Businesses need more guidance on trigger for data breach notifications, says expert

Out-Law News | 13 May 2015 | 10:39 am | 3 min. read

Businesses need more guidance from policy makers on when the requirement to report data breach incidents is triggered, an expert has said.

Data protection law specialist Marc Dautlich of Pinsent Masons, the law firm behind Out-Law.com, said that it is not clear from the wording of the proposed new General Data Protection Regulation (GDPR) when "the clock would start ticking" on the 72 hours companies would have to report the loss, theft or unauthorised accessing of personal data they are responsible for.

Dautlich was commenting after a survey of 145 IT professionals by software provider Varonis Systems found that only 48% of respondents believe their organisation would be able to meet the 72 hour deadline for data breach notification under the planned Regulation.

Under proposals that have the provisional backing of justice ministers across the EU, organisations would generally have 72 hours to notify regulators as soon as they become aware that they have suffered a personal data breach that "may result in physical, material or moral damage" to individuals.

Damage of this kind could range from identity theft or fraud, to damage to their reputation, loss of control over their personal data or a loss of confidentiality to data protection by professional secrecy, according to the ministers' plans.

"The 72 hour deadline for notification is a demanding one," Dautlich said. "Businesses are going to need to give some thought to questions that seem easy but – as anyone who has dealt with a breach will know – are often not at all, for example."

"It is not always obvious exactly when a breach stemming from a security incident actually began or what constitutes a breach in the absence of better clarity from law makers," he said. "Systems logs produce all sorts of alerts that law makers cannot intend to be caught by the current provisions in the GDPR. On the other hand, information security experts will need some guidance about appropriate triggers, and organisations as a whole will need procedures that, based on experience, many of them currently do not have or have only in rudimentary form – that is, practical security breach response plans, owned and managed by a person accountable for meeting the requirements of the GDPR once implemented."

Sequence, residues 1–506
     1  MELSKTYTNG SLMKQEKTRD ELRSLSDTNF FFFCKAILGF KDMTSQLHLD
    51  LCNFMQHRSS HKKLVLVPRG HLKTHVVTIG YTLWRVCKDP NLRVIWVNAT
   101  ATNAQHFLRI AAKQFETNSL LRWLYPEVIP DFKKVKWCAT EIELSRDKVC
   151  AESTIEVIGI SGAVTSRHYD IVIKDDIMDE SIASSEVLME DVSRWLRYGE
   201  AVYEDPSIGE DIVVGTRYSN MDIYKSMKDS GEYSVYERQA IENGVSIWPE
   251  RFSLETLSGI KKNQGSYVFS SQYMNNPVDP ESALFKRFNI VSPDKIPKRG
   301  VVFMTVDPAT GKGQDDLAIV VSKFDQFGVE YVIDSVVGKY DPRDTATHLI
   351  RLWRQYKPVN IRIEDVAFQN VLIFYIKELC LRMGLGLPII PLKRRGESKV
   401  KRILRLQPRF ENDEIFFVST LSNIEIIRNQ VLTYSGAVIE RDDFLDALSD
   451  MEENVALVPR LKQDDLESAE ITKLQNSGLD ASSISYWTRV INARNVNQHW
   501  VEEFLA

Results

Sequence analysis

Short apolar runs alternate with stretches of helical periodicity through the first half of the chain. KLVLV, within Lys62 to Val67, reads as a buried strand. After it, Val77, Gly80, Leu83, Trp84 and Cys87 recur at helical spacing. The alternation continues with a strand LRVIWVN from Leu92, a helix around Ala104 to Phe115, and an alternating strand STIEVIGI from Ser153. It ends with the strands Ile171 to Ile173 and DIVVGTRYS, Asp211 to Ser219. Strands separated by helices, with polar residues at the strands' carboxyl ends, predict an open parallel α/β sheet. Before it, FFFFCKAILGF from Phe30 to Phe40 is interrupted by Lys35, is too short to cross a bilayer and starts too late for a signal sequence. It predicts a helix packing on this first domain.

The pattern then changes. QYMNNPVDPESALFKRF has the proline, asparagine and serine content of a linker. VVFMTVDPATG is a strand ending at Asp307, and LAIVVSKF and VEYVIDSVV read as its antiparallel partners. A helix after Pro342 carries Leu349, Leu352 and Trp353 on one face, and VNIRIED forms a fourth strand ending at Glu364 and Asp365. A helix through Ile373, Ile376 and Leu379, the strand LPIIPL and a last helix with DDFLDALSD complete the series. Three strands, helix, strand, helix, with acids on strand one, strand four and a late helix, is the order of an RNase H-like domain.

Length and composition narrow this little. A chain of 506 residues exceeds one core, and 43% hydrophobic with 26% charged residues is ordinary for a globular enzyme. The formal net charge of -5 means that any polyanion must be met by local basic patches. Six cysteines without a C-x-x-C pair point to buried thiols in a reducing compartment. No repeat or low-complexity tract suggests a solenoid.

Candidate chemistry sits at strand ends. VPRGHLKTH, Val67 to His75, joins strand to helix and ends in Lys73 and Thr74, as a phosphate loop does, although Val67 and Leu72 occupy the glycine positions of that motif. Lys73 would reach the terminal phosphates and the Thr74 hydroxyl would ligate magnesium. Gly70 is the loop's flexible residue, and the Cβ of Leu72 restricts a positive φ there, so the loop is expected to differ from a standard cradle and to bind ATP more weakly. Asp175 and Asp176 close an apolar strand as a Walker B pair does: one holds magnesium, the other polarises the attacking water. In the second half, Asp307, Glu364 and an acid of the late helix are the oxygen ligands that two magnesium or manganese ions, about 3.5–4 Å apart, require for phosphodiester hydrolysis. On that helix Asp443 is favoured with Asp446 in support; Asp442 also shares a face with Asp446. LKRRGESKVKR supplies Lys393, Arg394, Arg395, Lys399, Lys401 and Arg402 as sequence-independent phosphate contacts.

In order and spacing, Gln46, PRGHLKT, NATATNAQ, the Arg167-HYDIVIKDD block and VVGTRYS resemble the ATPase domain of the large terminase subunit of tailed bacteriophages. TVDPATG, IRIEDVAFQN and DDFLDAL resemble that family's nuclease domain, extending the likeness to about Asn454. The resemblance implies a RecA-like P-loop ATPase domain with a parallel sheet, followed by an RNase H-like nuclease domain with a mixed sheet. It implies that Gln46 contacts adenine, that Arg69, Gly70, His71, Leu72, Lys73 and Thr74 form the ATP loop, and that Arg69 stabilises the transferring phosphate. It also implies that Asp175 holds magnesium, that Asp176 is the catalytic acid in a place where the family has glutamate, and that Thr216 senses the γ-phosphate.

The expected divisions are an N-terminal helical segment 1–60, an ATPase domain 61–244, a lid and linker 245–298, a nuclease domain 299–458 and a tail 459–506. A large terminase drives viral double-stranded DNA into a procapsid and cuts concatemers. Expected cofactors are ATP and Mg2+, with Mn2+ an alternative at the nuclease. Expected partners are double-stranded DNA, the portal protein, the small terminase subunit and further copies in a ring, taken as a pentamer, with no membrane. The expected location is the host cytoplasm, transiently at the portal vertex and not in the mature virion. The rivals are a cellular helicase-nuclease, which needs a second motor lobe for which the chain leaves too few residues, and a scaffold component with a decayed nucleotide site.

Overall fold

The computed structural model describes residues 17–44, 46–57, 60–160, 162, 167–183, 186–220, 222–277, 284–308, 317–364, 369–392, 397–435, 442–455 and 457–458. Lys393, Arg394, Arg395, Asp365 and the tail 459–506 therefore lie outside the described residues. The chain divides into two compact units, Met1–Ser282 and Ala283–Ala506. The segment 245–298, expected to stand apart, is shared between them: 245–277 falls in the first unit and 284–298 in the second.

"These are not trivial questions or procedures and, on current experience, we cannot expect law makers to give much clarity any time soon about what in practical terms companies are going to have to do to meet their new legal obligations. At the same time, many organisations have come to acknowledge that  the nature of the cyber threats facing them means it is more likely than not that their information security will be breached at some point, and therefore they cannot afford to ignore these procedures," Dautlich said.

Businesses that fail to protect personal data adequately under the new GDPR could face fines of up to 2% of their annual turnover, up to €100 million, under the Council of Ministers' proposals for the GDPR. MEPs are pushing for even stiffer penalties to be made available to regulators.

According to the Varonis' survey, 80% of IT professionals believe banks are the most likely organisations to be hit with the maximum fines possible under the new GDPR.

However, Dautlich said that "experience shows that retailers are probably more at risk" of such sanctions.

"Banks, as high-profile organisations that consumers trust and recognise, are a potential major target for enforcement action under the GDPR if they suffer a data breach," Dautlich said. "However, perhaps the most high-profile data breach incidents to-date have involved retailers, including the cases of Target and Home Depot, albeit both incidents occurred in the US," Dautlich said. "Criminals are targeting retailers in search of rich payment card data and other personal information of consumers. Their data security practices are likely to be placed most under scrutiny under the GDPR as a result."

"Data breaches are an unfortunate near-unavoidable reality of conducting digital business. The potential regulatory fines stemming from a data breach - although set to increase dramatically - is only one facet businesses need to consider. Data breaches have an impact on the reputation of a company and, as the Target case shows, the careers of senior executives. Companies need to identify a suitable incident response plan for their business and rehearse it," Dautlich said.